When Wordsworth wandered lonely as a cloud, what sort of cloud was he contemplating? Since the early 19th century, clouds have been classified under 10 categories devised by a London pharmacist named Luke Howard.
His system was based on two principal criteria: the height of the cloud, and its general shape and structure.
At the lowest level, with its base below 500 metres, we have stratus, the sort of drab, shallow and featureless cloud that greets us in the morning, when early fog has lifted and resulted in low cloud. Stratus is also often caused when a breeze cools low-level moist air below its condensation point.
The most common type of cloud, stratocumulus, also occurs at a low level. This is the layered cloud that seems to roll across the sky. (What in fact happens is that it slowly dissolves on its downwind side, while forming upwind.)
Next comes cumulus, from the Latin for a heap, which forms when plumes of warm air rise above their condensation level and form fluffy, rising cloud, heaped upon itself. These are probably the lonely clouds that Wordsworth was talking about.
Cumulonimbus are, like cumulus, convective clouds, but bigger, higher and more rainy. Heat from below and cold winds above may help create the characteristic flat, anvil-like tops, formed mainly of ice crystals. The strong, vertical currents within cumulonimbus clouds are what pilots warn about when advising passengers to keep their seatbelts fastened because "we are about to enter a spot of turbulence".
At a higher level, clouds are formed of a mixture of water droplets and ice crystals. Between 2.5km and 6km above the ground, we meet altostratus, the layered cloud that may start thin and wispy, but thickens to a grey sheet. This may produce light rain, but not as bad as nimbostratus, the deep, layered, black cloud from which rain or snow is already falling. The third of the middle-level clouds is altocumulus, , which is essentially a stratocumulus rolling cloud appearing at a higher level.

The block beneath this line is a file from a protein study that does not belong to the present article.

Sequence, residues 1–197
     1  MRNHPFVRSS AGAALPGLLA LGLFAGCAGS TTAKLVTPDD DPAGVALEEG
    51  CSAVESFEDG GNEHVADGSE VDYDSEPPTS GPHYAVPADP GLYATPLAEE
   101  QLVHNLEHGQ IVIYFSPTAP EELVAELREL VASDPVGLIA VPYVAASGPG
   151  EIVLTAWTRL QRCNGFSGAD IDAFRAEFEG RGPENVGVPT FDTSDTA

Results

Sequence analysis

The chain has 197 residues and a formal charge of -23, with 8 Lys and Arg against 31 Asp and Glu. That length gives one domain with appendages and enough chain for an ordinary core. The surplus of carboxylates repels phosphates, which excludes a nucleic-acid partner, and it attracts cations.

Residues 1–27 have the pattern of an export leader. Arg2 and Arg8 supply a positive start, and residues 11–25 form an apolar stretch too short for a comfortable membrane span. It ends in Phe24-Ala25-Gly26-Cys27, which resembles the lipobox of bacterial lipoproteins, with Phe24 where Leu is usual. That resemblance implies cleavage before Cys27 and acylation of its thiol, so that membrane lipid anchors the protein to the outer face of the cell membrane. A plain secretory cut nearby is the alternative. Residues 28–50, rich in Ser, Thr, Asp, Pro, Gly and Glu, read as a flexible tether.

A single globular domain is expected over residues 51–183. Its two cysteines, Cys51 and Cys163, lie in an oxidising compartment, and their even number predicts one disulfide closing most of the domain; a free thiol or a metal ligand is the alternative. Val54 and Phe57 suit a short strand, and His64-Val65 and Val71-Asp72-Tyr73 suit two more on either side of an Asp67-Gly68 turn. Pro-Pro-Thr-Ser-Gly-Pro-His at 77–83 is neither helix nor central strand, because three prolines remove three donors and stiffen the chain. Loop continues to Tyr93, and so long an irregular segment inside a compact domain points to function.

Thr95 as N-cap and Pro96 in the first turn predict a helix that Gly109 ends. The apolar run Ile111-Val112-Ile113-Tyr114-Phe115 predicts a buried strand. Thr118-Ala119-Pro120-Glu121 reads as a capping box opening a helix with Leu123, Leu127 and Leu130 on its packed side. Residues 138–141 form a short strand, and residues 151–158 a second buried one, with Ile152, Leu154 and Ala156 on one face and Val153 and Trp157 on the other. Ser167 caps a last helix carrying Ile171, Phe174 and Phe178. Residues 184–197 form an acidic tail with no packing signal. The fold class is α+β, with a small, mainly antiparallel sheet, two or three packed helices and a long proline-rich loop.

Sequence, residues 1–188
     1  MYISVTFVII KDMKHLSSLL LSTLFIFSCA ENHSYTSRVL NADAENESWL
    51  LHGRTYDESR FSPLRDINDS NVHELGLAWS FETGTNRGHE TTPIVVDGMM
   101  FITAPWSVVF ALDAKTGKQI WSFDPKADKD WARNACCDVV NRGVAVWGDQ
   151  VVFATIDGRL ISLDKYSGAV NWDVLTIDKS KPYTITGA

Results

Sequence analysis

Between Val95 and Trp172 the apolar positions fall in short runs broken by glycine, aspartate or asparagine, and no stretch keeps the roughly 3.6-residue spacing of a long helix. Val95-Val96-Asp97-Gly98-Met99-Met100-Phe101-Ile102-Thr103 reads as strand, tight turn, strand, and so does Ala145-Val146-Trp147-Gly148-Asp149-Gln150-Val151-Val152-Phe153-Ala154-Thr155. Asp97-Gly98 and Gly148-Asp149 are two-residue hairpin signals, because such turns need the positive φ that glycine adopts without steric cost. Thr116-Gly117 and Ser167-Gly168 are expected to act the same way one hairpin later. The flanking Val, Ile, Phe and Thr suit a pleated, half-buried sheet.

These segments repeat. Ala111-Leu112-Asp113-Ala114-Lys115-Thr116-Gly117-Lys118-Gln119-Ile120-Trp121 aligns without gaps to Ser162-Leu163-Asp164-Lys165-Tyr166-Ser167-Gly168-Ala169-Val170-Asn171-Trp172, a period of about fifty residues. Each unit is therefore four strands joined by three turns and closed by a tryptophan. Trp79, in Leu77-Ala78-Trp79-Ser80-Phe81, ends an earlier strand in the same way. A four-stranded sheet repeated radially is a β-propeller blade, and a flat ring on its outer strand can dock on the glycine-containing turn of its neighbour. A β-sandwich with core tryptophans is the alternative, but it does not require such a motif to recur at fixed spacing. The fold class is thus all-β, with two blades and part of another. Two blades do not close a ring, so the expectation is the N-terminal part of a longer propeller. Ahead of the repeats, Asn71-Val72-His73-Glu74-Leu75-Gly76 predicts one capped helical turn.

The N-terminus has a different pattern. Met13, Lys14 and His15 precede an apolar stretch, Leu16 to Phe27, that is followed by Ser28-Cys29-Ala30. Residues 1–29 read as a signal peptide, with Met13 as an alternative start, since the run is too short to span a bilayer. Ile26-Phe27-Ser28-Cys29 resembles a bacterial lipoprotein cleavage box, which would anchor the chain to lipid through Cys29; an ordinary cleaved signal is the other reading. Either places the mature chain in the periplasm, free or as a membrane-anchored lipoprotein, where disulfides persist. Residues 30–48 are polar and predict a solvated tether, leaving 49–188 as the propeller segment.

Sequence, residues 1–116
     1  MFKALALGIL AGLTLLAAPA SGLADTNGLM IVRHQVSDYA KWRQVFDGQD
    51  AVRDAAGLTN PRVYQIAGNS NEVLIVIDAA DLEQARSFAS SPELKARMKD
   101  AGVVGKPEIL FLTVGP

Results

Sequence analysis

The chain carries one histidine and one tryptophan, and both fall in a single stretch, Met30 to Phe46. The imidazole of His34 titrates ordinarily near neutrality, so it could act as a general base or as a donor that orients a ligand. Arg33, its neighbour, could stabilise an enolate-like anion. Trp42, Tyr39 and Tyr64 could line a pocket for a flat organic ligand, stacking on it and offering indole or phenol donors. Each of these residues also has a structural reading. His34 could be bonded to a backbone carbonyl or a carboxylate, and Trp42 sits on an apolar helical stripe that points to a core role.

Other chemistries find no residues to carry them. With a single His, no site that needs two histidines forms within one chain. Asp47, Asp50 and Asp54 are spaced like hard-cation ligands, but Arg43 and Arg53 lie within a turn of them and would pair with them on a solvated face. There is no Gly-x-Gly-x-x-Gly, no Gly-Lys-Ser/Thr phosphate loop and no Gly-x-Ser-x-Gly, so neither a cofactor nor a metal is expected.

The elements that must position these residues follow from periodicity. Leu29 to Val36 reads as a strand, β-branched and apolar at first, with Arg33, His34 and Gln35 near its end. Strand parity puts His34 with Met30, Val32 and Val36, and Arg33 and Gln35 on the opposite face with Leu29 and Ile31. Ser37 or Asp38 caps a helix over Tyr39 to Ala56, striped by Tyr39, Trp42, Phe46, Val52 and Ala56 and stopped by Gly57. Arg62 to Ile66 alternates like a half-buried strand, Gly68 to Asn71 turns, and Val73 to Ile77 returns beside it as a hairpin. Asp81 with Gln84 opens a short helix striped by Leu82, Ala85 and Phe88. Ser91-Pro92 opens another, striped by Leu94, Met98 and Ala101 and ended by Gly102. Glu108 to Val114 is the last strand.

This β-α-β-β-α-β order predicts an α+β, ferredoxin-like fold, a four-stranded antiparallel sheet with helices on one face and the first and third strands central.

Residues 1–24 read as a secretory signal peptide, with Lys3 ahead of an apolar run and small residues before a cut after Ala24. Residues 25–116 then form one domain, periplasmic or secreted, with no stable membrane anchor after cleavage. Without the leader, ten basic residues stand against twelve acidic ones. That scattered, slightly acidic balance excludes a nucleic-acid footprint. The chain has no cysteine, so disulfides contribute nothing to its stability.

The highest clouds, above 6km, are all formed of ice crystals. Cirrus is sometimes thin and wispy, sometimes straggly and twisted. It is sometimes caused by the condensation trails of aircraft. When Luke Howard introduced the term, he described cirrus cloud as comprising "parallel, flexuous, or diverging fibres, extensible by increase in any or all directions".
Cirrostratus is a high, uniform sheet of cloud produced by the slow ascent of air, condensing at a great height. It is often an early sign of rain. Finally, cirrocumulus is the unusual and attractive rippling cloud produced by wave motion through high-level moist air.
But why all these silly Latinate names when all we want to know is whether it is going to rain? Perhaps the real blame lies with Linnaeus, the 18th- century Swedish botanist who devised a precise system for naming plants and animals. It was his work that inspired Luke Howard, also a botanist, but an obsessive weather-watcher as well, to devise a classification system for clouds. Between 1818 and 1820, he published the two-volume Climate of London, based on his meteorological observations of weather in the capital. The book included an earlier essay, "On the Modification of Clouds", in which he gave the cloud formations their names. And we have been stuck with them ever since.
Whatever we may think of this nomenclature, it made a strong impression on Johann Wolfgang von Goethe, who, after reading Howard's meteorological works, wrote to ask about his personal history.
Howard replied with a brief autobiography (including the line: "From the first, my real penchant was towards meteorology"), which so pleased Goethe that he sent a short poem entitled: "Howard`s Ehrengedachtniss". He also gave a description in verse of the principal cloud forms according to Howard's classification. Sadly, it has never been set to music.Reuse content